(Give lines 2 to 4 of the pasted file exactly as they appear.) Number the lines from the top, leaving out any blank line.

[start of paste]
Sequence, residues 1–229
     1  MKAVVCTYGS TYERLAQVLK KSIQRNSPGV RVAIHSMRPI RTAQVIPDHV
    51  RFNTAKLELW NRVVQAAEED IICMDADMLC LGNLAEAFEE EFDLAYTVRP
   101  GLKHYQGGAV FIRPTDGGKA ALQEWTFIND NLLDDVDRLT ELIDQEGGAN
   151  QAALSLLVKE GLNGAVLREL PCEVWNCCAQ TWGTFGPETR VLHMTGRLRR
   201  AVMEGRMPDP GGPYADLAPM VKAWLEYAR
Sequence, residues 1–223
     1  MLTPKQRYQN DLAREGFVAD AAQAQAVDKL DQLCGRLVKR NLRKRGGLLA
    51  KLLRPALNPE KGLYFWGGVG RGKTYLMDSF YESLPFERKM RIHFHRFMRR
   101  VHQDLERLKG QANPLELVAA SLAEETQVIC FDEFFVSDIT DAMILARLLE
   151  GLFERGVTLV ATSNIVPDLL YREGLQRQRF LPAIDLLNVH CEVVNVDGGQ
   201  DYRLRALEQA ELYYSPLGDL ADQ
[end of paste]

     1  MKAVVCTYGS TYERLAQVLK KSIQRNSPGV RVAIHSMRPI RTAQVIPDHV
    51  RFNTAKLELW NRVVQAAEED IICMDADMLC LGNLAEAFEE EFDLAYTVRP
   101  GLKHYQGGAV FIRPTDGGKA ALQEWTFIND NLLDDVDRLT ELIDQEGGAN